If you would have told me five years ago that I would be studying abroad in Jyväskylä I would have replied with, “Jyvasky … what”. Through the hard work and loving support of my family, friends and San Diego State, I have embarked on quite a unique study abroad journey. For four weeks I will be in Finland studying various subjects under one of the best education systems of the world. As a commuter that has never dormed, a person with dietary restrictions due to irritable bowel syndrome (IBS) and knowing little to no Finnish, this ought to be an eventful journey. For now, I will share what Finland has offered in my first two weeks here.
Jyväskylä is located in the western part of the Finnish Lakeland. This lake, Jyväsjärvi, is located near the city center.
The summer students were taken on a hike where we got a glimpse of the immense forests and greenery Finland has to offer. I find the different shades of green particularly intriguing.
Valuing place-based education, it is common for schools, such as this university building, to be surrounded by natural flora. The Finnish have deeply implanted sustainability and ecosystem awareness in their education and culture.
While traces of human beings might be inevitable, nature seems to lead the way in Finland. This path has been marked by both humans and nature, representing the unique and rooted bond the Finnish have created with their surroundings.
Jyväskylä is a modern looking city, mostly designed by celebrated architect and designer Alvar Aalto, but traditional vibrant mustard and red houses can still be found woven throughout the city.
The University of Jyväskylä is divided into three campuses. This one, the farthest campus from the city, is a perfect example of how Finns choose to co-exist with nature and not overrule it, even with their buildings.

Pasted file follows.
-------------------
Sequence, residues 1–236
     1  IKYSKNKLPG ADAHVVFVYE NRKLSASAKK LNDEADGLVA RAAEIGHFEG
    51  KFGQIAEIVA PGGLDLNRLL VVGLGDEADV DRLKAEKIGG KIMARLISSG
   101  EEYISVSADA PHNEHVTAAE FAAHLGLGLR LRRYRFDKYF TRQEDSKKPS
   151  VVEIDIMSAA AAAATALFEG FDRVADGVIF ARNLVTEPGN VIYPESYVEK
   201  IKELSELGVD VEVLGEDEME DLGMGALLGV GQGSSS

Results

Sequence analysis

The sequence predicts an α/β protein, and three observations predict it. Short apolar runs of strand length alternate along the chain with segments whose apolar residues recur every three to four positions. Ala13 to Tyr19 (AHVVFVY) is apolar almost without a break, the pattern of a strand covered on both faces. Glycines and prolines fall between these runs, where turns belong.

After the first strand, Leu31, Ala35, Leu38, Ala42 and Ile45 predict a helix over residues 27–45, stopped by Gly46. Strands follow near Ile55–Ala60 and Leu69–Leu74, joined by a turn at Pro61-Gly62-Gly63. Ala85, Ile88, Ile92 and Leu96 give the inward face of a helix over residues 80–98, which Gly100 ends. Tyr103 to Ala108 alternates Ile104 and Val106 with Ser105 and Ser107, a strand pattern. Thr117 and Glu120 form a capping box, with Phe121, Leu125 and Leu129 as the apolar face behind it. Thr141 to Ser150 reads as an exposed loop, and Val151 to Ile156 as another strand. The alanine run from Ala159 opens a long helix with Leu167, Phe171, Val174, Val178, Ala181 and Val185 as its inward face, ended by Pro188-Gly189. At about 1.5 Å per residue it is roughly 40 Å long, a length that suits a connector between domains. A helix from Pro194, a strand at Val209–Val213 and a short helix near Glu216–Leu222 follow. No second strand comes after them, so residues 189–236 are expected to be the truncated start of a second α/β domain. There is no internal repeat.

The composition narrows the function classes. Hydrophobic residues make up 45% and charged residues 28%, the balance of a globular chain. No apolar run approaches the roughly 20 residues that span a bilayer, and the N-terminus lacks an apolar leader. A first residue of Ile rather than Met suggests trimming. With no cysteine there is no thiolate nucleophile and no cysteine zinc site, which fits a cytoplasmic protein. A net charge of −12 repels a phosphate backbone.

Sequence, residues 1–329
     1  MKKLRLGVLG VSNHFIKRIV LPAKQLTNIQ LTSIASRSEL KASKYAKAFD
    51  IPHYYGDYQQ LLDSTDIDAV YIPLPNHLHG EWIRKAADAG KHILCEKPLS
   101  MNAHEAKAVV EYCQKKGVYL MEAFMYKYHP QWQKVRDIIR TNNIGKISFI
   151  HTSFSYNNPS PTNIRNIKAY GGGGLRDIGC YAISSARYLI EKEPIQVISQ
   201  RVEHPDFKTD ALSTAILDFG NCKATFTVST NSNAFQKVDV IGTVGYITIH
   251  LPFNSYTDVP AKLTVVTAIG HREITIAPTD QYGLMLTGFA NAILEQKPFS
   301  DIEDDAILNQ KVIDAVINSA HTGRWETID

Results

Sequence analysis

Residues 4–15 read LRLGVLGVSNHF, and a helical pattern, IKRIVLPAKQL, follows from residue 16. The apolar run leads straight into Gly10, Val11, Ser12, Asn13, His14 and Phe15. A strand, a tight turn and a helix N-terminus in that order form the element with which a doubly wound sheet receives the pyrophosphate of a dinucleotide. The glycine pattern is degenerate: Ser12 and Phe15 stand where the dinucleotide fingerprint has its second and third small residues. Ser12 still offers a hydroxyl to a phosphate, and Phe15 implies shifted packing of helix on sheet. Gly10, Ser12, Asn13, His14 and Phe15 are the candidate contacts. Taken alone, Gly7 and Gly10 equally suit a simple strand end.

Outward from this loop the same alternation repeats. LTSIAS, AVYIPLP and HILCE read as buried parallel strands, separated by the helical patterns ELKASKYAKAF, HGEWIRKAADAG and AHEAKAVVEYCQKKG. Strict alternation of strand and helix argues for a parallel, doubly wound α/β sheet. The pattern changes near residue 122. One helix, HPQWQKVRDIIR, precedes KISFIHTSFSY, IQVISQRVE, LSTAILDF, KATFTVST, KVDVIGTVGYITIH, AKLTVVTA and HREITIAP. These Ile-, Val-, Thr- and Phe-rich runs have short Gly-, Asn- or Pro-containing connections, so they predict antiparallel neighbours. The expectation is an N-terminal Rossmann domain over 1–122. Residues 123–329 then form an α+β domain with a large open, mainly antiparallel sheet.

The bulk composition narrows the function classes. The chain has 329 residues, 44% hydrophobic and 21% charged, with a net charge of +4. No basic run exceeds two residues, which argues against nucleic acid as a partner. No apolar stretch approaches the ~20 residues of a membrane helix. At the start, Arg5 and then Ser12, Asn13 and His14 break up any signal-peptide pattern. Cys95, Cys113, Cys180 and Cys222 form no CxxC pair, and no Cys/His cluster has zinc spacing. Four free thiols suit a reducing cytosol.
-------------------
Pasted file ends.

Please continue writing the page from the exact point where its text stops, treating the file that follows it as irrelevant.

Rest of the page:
During my Intro to Dance Therapy course, we were sent to explore a nearby lake and forest. Finnish education values experiential education and will strive to get students outside in nature when possible.
In the city center there is a beautiful Lutheran church where community members attend mass on Sunday mornings.
After mass you can explore the city center, encountering new discoveries each time. In this instance I encountered a live concert consisting of military and community members.
Finnish culture is stereotyped as quiet and reserved. As you can see, their street art contradicts this by displaying bright and bubbly graffiti.
These are the lower two parts of the campus, connected by a bridge that lays over the lake Jyväsjärvi.
A common sight in Finland: plenty of modern buildings, the scarce old buildings and an abundance of green engulfing the latter.
Jyväskylä has welcomed us with blossoming flowers and uncommon politeness. Because of the kind people and beautiful surroundings, I feel welcomed and comfortable in this new temporary home.
Like this Finnish flower’s name, my first two weeks in Finland have come to a happy end. I can only imagine and wait, with open arms, what this wonderful place will show and teach me next.
Arantxa Akerlundh is a kinesiology junior. She is studying at the University of Jyväskylä in Finland for four weeks this summer.